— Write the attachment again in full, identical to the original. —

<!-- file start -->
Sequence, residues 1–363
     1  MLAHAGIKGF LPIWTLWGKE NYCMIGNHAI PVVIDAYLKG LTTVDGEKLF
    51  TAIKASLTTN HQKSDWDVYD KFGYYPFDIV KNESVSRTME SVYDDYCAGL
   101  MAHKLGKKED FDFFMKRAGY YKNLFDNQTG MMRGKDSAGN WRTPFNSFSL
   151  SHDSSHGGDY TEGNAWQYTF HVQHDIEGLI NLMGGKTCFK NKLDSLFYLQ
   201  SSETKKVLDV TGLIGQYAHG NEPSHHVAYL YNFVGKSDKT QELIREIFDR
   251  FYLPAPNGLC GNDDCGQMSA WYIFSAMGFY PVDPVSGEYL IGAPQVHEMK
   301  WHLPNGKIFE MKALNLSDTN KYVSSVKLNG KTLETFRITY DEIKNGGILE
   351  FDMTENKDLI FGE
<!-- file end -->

Sequence, residues 1–363
     1  MLAHAGIKGF LPIWTLWGKE NYCMIGNHAI PVVIDAYLKG LTTVDGEKLF
    51  TAIKASLTTN HQKSDWDVYD KFGYYPFDIV KNESVSRTME SVYDDYCAGL
   101  MAHKLGKKED FDFFMKRAGY YKNLFDNQTG MMRGKDSAGN WRTPFNSFSL
   151  SHDSSHGGDY TEGNAWQYTF HVQHDIEGLI NLMGGKTCFK NKLDSLFYLQ
   201  SSETKKVLDV TGLIGQYAHG NEPSHHVAYL YNFVGKSDKT QELIREIFDR
   251  FYLPAPNGLC GNDDCGQMSA WYIFSAMGFY PVDPVSGEYL IGAPQVHEMK
   301  WHLPNGKIFE MKALNLSDTN KYVSSVKLNG KTLETFRITY DEIKNGGILE
   351  FDMTENKDLI FGE